This what I said to the Clark County School Board at last night’s public meeting:
My name is Jamie Huston and I am here to ask you to let me serve as the next superintendent of our school district. I was raised here myself and have two children in school now, with a third starting next year. Like all of you, I have a great interest in the success of our school district.
But to solve our problems in student achievement and budgeting, we need to return to common sense.
As superintendent, I will vastly scale back the elephant in the room of this budget crisis, the rampant bureaucracy in our school district. I will champion teachers and administrators in more effectively handling discipline. I will end all the insidious ways that low expectations have crept into out policies and have hurt student achievement.
Some have told me that it’s tilting at windmills for a teacher to campaign for superintendent, but this is a chance to show our children that we have the courage and integrity to do what’s best. We can select a new leader based on merit, not any other criteria. If the American political ideal is a citizen legislator, then the educational ideal is a teacher-superintendent.
I have here for each of you a folder that better introduces me, including some of my ideas for fixing the budget and improving academic achievement [the folder included my resumé and my list of 21 ideas], and to show how serious I am about fixing the budget and serving our community, I’ll state publicly that I will perform my duties as superintendent for the same salary that I make as a teacher. Thank you.
It’s hard to say exactly how the speech was received. One board member smiled the whole time, the others held poker faces. I did leave my folders for each of them, and I intend to follow up and keep spreading my message.
This was actually the first school board meeting I’ve attended, and it was surprising in a few ways. First, I was impressed by the school board. I disagreed with a lot of what they said, but they were fair and clearly understood and listened to both sides of issues. One board member supported year round schools but actually corrected an argument that a parent made in favor of it that was flawed. That kind of honesty is awesome. When was the last time you heard a public figure correct a supporter who agreed with him or her? It shows integrity.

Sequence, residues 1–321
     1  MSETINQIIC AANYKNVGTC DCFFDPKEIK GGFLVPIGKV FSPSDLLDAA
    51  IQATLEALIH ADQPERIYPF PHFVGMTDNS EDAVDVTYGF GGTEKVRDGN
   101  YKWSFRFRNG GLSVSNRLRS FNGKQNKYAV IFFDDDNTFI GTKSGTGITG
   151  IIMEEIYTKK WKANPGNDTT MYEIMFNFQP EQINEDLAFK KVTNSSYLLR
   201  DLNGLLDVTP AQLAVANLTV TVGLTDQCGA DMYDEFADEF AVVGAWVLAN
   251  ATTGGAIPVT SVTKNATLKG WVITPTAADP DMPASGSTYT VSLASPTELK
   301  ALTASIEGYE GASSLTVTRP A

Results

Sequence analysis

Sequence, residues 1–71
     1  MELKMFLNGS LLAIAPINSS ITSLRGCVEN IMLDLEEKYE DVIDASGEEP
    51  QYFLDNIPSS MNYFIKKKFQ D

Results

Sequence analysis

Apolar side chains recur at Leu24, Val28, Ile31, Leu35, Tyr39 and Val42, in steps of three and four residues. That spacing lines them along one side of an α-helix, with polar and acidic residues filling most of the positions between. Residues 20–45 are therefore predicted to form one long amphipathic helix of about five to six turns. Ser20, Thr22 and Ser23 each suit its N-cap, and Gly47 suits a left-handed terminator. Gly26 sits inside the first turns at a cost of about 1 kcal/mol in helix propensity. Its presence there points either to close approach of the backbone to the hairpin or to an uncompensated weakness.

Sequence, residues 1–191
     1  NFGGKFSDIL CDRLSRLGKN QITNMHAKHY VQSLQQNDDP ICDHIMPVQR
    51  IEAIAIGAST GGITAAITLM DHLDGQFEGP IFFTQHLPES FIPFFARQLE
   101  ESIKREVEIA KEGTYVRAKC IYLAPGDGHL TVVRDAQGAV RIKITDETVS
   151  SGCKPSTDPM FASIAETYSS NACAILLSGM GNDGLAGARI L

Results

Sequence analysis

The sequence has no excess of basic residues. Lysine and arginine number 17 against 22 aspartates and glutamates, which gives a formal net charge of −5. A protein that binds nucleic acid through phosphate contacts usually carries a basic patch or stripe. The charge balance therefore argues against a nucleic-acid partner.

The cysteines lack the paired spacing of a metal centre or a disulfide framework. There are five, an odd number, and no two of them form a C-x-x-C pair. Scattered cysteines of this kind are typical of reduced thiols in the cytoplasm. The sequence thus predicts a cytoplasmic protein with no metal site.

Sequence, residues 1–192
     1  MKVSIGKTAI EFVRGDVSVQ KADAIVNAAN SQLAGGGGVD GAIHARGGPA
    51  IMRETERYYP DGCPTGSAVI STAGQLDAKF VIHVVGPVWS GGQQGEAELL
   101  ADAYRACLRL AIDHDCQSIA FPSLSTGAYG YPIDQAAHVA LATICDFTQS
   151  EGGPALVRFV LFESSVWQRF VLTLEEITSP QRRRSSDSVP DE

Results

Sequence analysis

However, I was discouraged by the huge, obvious disconnect between campus personnel and non-campus personnel. It’s a whole different world in the various offices where actual teaching of students doesn’t take place; they seem to have a ton of their own concerns that have little to do with actual academic training of the young. There was so much mutual back-slapping of committees, projects, programs, and warm fuzzy fluff, that I wonder if they’d still get along just fine without teachers and students altogether. The celebration of unbridled bureaucracy was disheartening.
What really bothered me, though, didn’t come from the agenda or the school board. It came from a couple of district employees who spoke in favor of keeping our elementary schools on a year round schedule because (they passionately argued), it’s needed to keep children well fed and safe from the gangs and violence in their communities.
That’s a dangerous philosophy. It’s too close to saying that we outrank parents and families, that we have a responsibility to students beyond their education. (I always correct people who say that teachers are “partners” with parents for their children. No, we’re not. We’re just employees who work with your kids briefly. You are God to them. Don’t ever try to abdicate that.) This mindset that we need to be holistic care givers clearly nurtures the pervasive programming that so many suffer from in our society, that the government is there to take care of them, that they even have a right to demand such a safety net. (This is why I was so disturbed last month when Las Vegas Mayor Oscar Goodman–a man whose work I generally respect–unwisely made this analogy about his confrontations with city employee unions: “It’s like a parent with a child. If the child keeps doing something wrong, you have to spank them.”) The single biggest factor in student success–and the single biggest failure of our society now–one that Las Vegas seems especially afflicted with, is family breakdown. Far be it for we public employees to further foster such decline.
As superintendent, perhaps I’d spread that message. It might be the best thing any of us could do for the success of our children.